Nagarjuna Biography : The Indian Ancient Scientist

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Nagarjuna Biography

Nagarjuna Biography: Physical life and chemistry have special importance in the field of science. The nature of these three has been integral in all the wonderful achievements and elements of science. In the ancient Indian scientists, in their medical practice, they used epoch-making tools for the benefit of human beings.

Whether it is surgery or any other treatment, various chemicals have been used to keep an object safe, beautiful and natural and dead in condition for a long time. If we leave this multi-faceted use of chemicals in modern science and talk about ancient Indian science, then it is known that our country has been a country of its important unique achievements in the field of chemistry. We have been a prominent chemist here, the name of Nagarjuna is special among them.

Nagarjuna was born in the second century AD in a Brahmin family in the Vidarbha region of Maharashtra. In Tibetan literature, one Nagarjuna is believed to be one of the eighty-four Siddhas, in which Nagarjuna is depicted with a snake around his neck. Nagarjuna wrote a book based on chemistry, its name is Ras Ratnakar or Rasendra Mangal which is written in Sanskrit language. It describes several methods of chemistry.

Nagarjuna was a great chemist of ancient India. There is a story about him in Tibetan literature that he had acquired the science of alchemy in a very miraculous way from a Brahmin. It is said that a wealthy Brahmin named Vyali set out in search of immortality to the man. Considering it to be in vain, he threw his written book full of various experiments into the river Formula. A prostitute of the city while bathing in the river saw the book which had become dry even after being immersed in water. He was surprised to see this.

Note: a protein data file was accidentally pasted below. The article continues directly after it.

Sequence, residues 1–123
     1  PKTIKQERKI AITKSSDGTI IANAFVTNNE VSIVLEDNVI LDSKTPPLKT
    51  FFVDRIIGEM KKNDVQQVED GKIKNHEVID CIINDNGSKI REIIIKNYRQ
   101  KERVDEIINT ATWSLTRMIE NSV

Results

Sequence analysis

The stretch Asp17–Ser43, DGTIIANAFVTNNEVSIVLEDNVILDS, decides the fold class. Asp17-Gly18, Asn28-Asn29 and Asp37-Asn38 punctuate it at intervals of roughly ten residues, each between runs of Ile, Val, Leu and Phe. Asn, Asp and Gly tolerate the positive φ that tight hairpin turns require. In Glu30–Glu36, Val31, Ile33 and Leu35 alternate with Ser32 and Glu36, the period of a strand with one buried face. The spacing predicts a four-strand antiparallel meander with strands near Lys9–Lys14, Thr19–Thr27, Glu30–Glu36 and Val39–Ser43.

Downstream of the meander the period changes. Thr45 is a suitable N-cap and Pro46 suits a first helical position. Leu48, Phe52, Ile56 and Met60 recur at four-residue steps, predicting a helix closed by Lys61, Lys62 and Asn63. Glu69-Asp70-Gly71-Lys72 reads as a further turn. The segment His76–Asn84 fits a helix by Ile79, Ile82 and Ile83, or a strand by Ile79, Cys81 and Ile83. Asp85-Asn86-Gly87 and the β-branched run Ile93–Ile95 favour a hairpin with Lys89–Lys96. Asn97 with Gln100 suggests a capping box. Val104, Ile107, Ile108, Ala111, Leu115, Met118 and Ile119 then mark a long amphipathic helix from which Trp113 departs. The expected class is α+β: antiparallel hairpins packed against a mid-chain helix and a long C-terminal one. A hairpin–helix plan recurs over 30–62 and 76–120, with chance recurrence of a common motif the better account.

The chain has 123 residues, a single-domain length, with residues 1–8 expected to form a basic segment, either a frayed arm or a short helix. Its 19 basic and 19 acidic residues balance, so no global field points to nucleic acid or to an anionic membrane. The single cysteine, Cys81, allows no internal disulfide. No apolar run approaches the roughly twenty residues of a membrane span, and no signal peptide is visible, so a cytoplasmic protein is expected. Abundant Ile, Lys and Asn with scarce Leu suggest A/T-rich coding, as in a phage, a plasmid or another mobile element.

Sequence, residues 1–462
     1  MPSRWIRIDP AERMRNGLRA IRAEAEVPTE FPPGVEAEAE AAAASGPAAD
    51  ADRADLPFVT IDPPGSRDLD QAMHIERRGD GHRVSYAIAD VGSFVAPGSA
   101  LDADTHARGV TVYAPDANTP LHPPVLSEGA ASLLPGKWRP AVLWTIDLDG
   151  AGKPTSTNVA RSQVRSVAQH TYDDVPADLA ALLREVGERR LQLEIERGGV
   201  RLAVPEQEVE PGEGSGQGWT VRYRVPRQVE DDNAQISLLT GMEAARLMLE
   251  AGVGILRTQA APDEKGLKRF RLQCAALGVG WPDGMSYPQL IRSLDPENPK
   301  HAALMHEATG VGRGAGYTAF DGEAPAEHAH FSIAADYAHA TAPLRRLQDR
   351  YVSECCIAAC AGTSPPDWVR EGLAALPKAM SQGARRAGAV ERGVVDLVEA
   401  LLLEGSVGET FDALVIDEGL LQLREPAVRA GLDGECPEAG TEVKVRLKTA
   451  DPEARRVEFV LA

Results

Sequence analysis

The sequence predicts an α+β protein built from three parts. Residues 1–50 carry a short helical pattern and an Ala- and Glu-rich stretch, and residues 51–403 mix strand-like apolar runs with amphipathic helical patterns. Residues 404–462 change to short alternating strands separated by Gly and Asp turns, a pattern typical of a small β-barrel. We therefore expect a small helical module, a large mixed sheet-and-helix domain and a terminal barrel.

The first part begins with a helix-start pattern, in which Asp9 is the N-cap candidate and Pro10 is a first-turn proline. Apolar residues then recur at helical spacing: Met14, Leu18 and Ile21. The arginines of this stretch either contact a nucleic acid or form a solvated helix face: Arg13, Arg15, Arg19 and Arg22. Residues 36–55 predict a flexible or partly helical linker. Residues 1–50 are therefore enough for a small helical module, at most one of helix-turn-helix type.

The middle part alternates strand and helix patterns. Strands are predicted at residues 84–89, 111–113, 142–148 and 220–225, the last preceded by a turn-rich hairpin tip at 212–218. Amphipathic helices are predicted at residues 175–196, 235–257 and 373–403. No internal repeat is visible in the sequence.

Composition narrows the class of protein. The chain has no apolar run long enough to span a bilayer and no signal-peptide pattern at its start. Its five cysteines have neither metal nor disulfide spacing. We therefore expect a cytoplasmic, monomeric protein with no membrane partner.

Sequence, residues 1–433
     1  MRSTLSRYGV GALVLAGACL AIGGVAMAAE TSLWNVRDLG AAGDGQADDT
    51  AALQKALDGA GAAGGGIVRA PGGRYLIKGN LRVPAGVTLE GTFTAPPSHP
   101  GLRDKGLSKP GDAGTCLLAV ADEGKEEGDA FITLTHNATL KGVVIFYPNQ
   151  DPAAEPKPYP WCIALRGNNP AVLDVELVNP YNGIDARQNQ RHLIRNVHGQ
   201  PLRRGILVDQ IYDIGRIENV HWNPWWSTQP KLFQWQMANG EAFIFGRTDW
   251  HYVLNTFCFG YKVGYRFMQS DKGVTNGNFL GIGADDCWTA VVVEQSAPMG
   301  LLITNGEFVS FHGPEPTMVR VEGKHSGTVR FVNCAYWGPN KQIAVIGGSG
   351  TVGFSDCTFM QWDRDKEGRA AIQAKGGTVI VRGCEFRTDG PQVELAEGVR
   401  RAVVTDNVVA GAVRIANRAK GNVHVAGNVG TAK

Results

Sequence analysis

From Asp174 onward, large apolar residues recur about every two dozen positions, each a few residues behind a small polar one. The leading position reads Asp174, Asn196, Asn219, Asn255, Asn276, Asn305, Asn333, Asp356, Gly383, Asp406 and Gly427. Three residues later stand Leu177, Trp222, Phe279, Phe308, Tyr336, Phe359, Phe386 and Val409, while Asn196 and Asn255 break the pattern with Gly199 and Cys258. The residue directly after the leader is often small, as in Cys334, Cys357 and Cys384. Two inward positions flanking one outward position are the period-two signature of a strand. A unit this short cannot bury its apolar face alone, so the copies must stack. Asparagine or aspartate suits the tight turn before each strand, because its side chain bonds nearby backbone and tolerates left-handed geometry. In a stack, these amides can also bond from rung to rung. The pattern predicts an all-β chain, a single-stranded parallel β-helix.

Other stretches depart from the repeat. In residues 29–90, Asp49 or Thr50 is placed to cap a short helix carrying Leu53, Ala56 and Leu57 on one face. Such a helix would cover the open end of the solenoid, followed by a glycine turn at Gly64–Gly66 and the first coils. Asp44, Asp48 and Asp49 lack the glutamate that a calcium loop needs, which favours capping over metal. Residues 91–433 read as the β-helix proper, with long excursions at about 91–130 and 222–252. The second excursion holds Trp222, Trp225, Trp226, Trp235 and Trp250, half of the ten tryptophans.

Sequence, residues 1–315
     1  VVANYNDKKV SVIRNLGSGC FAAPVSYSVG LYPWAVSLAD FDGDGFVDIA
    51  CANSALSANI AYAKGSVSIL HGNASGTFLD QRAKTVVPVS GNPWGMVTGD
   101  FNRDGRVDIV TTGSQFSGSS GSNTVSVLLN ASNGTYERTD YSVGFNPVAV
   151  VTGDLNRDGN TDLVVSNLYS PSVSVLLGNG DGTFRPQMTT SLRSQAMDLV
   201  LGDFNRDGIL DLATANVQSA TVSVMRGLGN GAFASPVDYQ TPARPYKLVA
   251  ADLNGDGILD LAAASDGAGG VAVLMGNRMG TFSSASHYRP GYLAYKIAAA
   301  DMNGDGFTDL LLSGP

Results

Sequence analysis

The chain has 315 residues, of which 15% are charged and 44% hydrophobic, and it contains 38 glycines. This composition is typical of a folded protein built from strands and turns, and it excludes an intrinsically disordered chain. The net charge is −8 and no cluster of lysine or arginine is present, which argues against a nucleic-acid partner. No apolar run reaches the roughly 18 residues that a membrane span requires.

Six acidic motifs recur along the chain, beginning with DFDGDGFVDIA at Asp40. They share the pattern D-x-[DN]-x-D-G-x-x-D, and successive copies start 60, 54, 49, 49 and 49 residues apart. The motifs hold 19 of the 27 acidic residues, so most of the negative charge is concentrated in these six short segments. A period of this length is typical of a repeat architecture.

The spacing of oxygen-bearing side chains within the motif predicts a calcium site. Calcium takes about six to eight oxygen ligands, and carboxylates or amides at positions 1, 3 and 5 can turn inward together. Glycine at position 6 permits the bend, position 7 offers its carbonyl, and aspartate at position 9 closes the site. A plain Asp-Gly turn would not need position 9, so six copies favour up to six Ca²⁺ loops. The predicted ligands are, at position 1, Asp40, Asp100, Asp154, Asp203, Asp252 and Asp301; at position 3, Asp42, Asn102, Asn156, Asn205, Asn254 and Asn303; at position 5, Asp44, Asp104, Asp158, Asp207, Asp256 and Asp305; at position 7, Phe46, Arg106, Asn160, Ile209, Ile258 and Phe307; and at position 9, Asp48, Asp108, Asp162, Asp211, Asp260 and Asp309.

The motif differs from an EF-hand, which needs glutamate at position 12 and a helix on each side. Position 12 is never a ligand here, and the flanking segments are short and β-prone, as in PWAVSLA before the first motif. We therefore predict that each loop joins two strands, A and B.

She brought him to her house out of curiosity. It is said that one day the prostitute was cooking food in her kitchen. Fortunately, Vyali was the guest of that prostitute. After getting his book again, he started the method of making nectar. Here the prostitute’s food was being cooked, while Vyali was engaged in his nectar-related experiments. The prostitute accidentally put a pinch of masala in Vyali’s nectar rasayana.

Vyali fled to the forest with that nectar juice so that no one else could take advantage of that nectar juice. He started living on the rock of the swampy land. When Nagarjuna came to know about this, he discovered Vyali and found out the secret of the nectar juice. It is said that due to the use of that chemical, the wrinkles of the face disappeared, the white hair became black, the old man used to become young.

Nagarjuna had also obtained the method of tying mercury in the practice of Yakshini for 12 years. He had acquired proficiency in the method of converting silver into gold by purifying yellow sulfur with the Gond juice of Palash and cooking it on the fire of cow dung.

Nagarjuna used mercury as a medicine at various places. For this, he used a garbha yantra to prepare the ashes of mercury pishta, in which blowing, dung cakes, bellows, various types of sands were used. Nagarjuna was the first person in the history of chemistry to use Black Sulfide of Mercury as a medicine named Parpitkaras. The study of Ras Ratnakar gives an introduction to the different types of chemicals used by Nagarjuna, which were used by Nagarjuna at that time. was extraordinary.

It can be said with certainty that Nagarjuna must have been the best chemist of ancient Indian times. The chemicals used by him are also used in modern science. Whatever Nagarjuna achieved with his tireless hard work and intellectual power amidst limited resources and meager facilities, it is definitely an important achievement in the field of science.

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